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His father Yugoslav shows us the pigs and the piglets, the onions and leeks, the chickens, and the three cows.  I’m not sure exactly how they’ve come to this life, exactly.  Surely, it comes from their ancestors, but they are extremely happy about it, and seemingly, they’ve chosen it.  The kids go to school, and Yugoslav grew up in the nearby city of Berane.  He and his wife are educated, presumably through secondary school.  We are happy to see people having fun up high.

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Two neighbor men have arrived to eat with us, although mostly we all laugh and marvel at the concept of Alaska.  I do my best to make conversation with the men.  We laugh and tickle and take pictures with the kids.  Eventually, I divulge that we’ve ridden from Vienna through Slovakia, Poland, Ukraine, Romania, Serbia…

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Home made: butter, tomato chutney, eggs, milk, rakija, blubbery juice, and homemade bread.  Salt, flour, coffee, sugar, and the bologna-type sausage come from town.

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As we prepare to leave they offer some of everything on the table.  We decline, as we are actually loaded for two full days of riding.  We all compromise with a two-liter fill of milk in the Klean Kanteen.  

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Dressing ourselves for departure, Yugoslav takes my hat and snugly fits it to his head.  He barely has to ask, but he suggests “I can have it?”  Sure.  Of course.  Definitley.  

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The hat was a gift from a new friend that I met while living in Albuquerque (thanks again Collin!).  He’d be happy to know that it covers the eyes of a shepherd somewhere up high on a planina in Montenegro.  In such situations, I try to offer a few euro, which are quickly declined.  At the second offer, it is gratefully accepted.  It is fair, and one of the best touristic agreements that can be made.

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Smiling, stuffed and pedaling once again.

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Over the top, along a faint doubletrack which disappears on the ridge.

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Several options exist from the ridge.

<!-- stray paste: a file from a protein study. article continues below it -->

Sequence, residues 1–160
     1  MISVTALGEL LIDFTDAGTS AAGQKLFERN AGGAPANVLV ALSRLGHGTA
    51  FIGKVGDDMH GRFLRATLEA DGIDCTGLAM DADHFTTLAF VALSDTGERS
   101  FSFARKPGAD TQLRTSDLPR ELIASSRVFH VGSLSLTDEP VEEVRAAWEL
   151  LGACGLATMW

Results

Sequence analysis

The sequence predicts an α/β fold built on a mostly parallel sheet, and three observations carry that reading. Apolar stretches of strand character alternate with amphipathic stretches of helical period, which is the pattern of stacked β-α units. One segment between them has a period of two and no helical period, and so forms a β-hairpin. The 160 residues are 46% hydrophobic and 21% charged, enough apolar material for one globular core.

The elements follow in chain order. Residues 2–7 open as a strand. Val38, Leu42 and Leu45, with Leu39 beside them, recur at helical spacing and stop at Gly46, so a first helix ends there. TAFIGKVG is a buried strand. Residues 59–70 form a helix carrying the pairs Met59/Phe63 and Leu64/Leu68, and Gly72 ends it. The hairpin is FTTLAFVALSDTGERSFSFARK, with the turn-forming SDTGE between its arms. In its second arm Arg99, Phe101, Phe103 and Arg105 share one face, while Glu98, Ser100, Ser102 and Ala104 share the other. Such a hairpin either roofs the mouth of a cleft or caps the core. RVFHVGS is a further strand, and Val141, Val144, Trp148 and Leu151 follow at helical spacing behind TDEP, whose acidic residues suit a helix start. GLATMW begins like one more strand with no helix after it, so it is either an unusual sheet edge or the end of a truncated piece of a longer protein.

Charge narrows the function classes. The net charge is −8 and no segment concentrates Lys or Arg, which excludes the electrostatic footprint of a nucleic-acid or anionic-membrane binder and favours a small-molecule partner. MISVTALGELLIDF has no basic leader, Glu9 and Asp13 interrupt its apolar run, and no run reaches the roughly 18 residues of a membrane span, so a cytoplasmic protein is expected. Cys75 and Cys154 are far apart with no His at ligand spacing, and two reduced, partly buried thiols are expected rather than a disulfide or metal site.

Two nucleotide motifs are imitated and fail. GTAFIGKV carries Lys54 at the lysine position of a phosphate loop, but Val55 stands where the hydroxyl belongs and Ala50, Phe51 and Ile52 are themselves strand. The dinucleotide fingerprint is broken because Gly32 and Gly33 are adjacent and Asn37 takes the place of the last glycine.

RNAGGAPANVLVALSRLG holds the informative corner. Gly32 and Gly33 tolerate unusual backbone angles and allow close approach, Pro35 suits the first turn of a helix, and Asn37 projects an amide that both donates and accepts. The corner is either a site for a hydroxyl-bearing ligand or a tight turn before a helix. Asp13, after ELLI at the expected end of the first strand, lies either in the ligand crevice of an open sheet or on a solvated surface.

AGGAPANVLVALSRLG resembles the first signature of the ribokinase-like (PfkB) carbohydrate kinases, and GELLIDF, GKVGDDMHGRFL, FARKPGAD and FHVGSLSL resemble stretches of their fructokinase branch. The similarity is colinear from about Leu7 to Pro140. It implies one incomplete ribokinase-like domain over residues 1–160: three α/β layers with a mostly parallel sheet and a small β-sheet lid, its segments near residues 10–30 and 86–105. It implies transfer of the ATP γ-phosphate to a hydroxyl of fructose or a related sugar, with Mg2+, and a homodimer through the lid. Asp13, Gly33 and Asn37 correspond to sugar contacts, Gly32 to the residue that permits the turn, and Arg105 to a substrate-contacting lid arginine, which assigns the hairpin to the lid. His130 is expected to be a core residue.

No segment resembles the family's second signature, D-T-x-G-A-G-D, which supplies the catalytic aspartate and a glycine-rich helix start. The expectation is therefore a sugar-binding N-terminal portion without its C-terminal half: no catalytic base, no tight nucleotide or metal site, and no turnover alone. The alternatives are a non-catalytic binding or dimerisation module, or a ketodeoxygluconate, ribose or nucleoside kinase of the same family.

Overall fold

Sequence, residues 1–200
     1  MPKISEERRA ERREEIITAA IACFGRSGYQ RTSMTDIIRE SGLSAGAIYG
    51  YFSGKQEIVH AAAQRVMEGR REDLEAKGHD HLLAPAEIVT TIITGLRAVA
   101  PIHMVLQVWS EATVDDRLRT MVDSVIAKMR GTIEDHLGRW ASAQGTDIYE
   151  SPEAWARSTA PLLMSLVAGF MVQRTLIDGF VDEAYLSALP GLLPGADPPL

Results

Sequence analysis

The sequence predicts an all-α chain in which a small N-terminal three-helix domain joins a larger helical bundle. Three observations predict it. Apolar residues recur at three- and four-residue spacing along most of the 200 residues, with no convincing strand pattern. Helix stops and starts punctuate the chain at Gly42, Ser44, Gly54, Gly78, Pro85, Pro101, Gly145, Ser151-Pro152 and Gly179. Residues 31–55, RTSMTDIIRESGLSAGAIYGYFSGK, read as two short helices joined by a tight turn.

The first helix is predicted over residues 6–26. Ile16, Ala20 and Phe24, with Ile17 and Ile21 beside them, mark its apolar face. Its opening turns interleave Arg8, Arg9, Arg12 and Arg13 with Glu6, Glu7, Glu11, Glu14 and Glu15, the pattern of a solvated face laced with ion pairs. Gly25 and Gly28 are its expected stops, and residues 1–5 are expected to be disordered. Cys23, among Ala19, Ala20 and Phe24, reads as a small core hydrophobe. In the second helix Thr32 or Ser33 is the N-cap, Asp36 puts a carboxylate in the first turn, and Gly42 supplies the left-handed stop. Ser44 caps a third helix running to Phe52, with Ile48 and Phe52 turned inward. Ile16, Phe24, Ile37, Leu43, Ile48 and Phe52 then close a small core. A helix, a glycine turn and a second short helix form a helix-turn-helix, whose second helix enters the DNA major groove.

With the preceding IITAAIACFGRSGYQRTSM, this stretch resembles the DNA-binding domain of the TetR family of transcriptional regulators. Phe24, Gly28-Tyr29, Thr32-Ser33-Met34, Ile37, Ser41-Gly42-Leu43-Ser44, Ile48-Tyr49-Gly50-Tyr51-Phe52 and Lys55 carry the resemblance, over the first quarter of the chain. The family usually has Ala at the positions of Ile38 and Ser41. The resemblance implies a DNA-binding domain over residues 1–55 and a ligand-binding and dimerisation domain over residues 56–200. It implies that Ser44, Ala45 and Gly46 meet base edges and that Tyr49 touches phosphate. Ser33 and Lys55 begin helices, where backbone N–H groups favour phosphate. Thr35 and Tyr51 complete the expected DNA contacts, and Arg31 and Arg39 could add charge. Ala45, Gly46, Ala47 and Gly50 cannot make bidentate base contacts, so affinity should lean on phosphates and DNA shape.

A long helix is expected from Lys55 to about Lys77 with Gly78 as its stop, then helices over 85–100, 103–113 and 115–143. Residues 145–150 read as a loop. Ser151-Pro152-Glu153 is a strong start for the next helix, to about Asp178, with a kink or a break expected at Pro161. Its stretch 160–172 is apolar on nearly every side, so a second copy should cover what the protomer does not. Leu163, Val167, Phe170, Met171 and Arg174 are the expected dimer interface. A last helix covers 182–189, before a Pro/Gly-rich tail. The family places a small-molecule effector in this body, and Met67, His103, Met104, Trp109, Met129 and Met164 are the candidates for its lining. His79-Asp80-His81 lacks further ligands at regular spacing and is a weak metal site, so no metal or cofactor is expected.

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The route descends 2000ft on fantastic dirt roads, to climb another 2000ft back to elevation.  A quick turn along a walking route takes us over the second unridable ridge of the day.  

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From the top, without the GPS track information, I do some old-fashioned looking around.  The map is helpful, but the level of detail is inadequate .  No problem, the topographic information on the GPS helps me isolate which drainage to descend.  Eventually, we find the small jewel of a lake the guide describes.  It elaborates about the small lake, which “sheds a tear for each traveler that leaves it”.  It is a muddy pond, I swear.

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At last, we begin the descent down to Rožaje.  We will camp near town for the night to meet Przemek and Saŝka in the morning.

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Off to Kosovo, in the rain!

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(dirt) Road Bikes

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Dirt, road, bikes.  Rock ‘n Road.  Dirt roads are much the way they sound– they are roads composed of local sediments, sometimes groomed and graded and maintained, sometimes abandoned and rugged.  But the variety of dirt roads is greater than the variety of paved routes, which partly explains the great variety of bikes in use for these kinds of rides.  Still, the emergent genre of dirt road riding is finally landing on some common themes– not quite standards– but commonalities in tire size and tread, handlebar concepts, and in some cases, luggage.  Of course, riding on unpaved roads is ancient as far as bicycles are concerned.  But today, greater accommodation of comfort and efficiency on unpaved surfaces is afforded through new equipment.  Specifically, a vast array of lightweight large-volume 700c/29″ tires are perfectly tuned for dirt, road, riding.

Some dirt road rides are self-supported races over many thousand miles.  Others are actually half on pavement to connect the dots of featured dirt segments, and still others are about the pursuit of adventure and reaching remote destinations by the only means available– a dirt road.  We are not talking about mountain biking, which is an exclusive search for dirt trails and tracks and rough terrain.  We are not talking about a brief segment of unpaved rail-trail– yes, I know you can ride it on your road bike.  We are talking about road riding, potentially at a brisk pace, on dirt roads.  Dirt, road, riding.  Common themes include medium to large volume 700c tires, powerful brakes, a range of gears; drop bars, aero bars or multi-posiiton handlebars; and lightweight frames, in reference to true mountain bikes or touring bikes.  The following are a sample of modern concepts from NAHBS: